We recall, for example, the death in detention of Nebil Abdula who died after falling from a height at Lyster Detention Centre, and the death Mamadou Kamara and Ifeanyi Nwokoye who both died after being beaten by detention and AFM officers whilst in their custody. We cannot forgot the shooting of migrants by unlicenced private security guards at Safi Detention Centre in 2020, the use of rubber bullets in 2011 and the reported use of excessive force during protests also in Safi in 2008 and 2005. Not to mention the scores of migrants and asylum-seekers found by the Maltese and Strasbourg courts to have been detained illegally over the years.

Such events as the ones above only come to light through the work of NGOs in detention, journalists reporting incidents in newspapers and cases filed lawyers on behalf of clients brave enough to challenge the system. We can only imagine what additional information would have available had journalists managed to speak to witnesses and victims of these incidents. We can only imagine what other incidents never saw the light of day.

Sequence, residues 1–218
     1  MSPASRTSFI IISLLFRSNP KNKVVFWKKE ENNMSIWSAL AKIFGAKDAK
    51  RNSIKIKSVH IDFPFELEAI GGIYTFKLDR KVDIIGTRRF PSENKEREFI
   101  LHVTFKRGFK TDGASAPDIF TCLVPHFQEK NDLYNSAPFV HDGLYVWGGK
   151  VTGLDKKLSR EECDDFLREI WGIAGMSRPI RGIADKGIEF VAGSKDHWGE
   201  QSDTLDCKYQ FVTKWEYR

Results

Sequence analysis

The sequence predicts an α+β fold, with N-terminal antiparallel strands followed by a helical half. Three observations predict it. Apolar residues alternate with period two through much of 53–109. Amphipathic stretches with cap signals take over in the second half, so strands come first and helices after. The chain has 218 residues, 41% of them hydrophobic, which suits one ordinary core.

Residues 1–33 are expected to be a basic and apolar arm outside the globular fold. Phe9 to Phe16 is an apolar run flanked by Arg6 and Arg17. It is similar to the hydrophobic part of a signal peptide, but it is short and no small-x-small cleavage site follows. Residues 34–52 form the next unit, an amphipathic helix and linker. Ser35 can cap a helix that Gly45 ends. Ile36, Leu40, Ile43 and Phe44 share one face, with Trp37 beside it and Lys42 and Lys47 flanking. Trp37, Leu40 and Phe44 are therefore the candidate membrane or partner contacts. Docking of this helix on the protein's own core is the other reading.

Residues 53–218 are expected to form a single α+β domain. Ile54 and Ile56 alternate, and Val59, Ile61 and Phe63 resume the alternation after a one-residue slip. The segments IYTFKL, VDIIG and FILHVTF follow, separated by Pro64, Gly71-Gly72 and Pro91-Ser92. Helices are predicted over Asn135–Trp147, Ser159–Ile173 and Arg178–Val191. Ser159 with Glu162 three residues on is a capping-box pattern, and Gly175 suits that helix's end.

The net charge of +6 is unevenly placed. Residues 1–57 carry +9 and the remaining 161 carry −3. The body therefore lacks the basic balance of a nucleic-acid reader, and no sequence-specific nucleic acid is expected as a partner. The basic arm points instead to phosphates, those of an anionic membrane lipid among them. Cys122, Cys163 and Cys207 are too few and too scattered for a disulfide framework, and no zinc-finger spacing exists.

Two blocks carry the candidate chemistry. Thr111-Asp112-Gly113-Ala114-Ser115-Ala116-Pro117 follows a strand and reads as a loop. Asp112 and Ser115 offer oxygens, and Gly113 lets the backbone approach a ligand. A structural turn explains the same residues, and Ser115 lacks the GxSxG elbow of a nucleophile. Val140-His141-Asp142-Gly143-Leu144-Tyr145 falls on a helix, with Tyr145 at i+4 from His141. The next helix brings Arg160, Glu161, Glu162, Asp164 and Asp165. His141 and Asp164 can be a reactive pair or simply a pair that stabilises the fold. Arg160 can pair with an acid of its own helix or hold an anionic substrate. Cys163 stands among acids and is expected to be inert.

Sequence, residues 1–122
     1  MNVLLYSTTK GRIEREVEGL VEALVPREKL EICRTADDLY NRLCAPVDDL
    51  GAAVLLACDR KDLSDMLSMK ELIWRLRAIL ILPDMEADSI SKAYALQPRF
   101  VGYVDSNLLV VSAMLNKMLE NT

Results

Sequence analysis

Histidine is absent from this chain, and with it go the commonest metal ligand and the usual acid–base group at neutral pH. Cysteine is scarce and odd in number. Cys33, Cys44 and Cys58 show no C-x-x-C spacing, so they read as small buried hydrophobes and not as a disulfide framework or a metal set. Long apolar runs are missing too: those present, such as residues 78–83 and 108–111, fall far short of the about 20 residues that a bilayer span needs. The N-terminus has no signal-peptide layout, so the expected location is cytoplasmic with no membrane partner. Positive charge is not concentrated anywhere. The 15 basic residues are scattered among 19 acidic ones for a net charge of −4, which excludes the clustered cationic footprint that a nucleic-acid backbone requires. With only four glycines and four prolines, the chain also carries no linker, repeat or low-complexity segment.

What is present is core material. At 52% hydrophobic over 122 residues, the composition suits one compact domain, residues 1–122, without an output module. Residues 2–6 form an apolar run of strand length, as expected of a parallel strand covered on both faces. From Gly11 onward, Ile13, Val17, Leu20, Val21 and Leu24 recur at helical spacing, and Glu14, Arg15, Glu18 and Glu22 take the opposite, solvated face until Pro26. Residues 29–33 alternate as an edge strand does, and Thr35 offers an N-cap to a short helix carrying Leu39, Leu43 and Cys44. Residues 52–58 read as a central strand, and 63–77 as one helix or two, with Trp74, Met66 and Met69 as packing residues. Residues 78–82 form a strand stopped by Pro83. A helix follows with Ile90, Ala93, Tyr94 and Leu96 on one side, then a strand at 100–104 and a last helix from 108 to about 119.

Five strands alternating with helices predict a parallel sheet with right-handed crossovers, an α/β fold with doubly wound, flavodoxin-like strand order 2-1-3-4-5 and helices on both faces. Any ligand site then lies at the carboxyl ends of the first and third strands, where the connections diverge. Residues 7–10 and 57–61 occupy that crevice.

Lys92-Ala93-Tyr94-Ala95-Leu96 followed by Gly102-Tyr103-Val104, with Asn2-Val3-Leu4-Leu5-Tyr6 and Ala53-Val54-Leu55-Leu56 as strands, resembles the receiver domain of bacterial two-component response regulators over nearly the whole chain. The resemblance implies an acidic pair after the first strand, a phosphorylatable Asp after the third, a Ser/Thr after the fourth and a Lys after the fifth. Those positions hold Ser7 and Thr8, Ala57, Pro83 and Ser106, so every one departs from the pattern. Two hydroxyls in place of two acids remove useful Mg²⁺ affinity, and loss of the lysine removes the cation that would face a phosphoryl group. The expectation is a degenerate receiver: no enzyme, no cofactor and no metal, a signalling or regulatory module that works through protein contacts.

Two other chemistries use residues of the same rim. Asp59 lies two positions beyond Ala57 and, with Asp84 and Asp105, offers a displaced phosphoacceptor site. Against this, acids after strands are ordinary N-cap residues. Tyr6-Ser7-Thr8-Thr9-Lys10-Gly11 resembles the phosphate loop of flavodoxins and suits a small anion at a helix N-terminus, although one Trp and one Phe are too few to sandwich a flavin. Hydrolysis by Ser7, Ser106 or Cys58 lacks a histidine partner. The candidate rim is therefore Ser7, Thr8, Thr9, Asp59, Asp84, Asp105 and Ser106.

Hope for change

We hope that this judgement results in increased effective access, not only for journalists, but also for lawyers and NGOs that provide a service to persons who are deprived of liberty. Such access needs to be effective and not overly suffocating. Journalists, lawyers and NGO need to have their mind at rest that they would be allowed to carry out their work in the best possible manner with the use of the tools of their trade, such as cameras, IT equipment and laptops.

Access to such places serves a multitude of purposes, including the betterment of conditions for those individuals being detained, a reduction on the strain put on detention services, transparency of procedures and ultimately accountability of Government towards human rights standards in the country.

This post was written by Carla Camilleri, with the ambit of the Strengthening Access to Justice for Improved Human Rights Protection project funded by the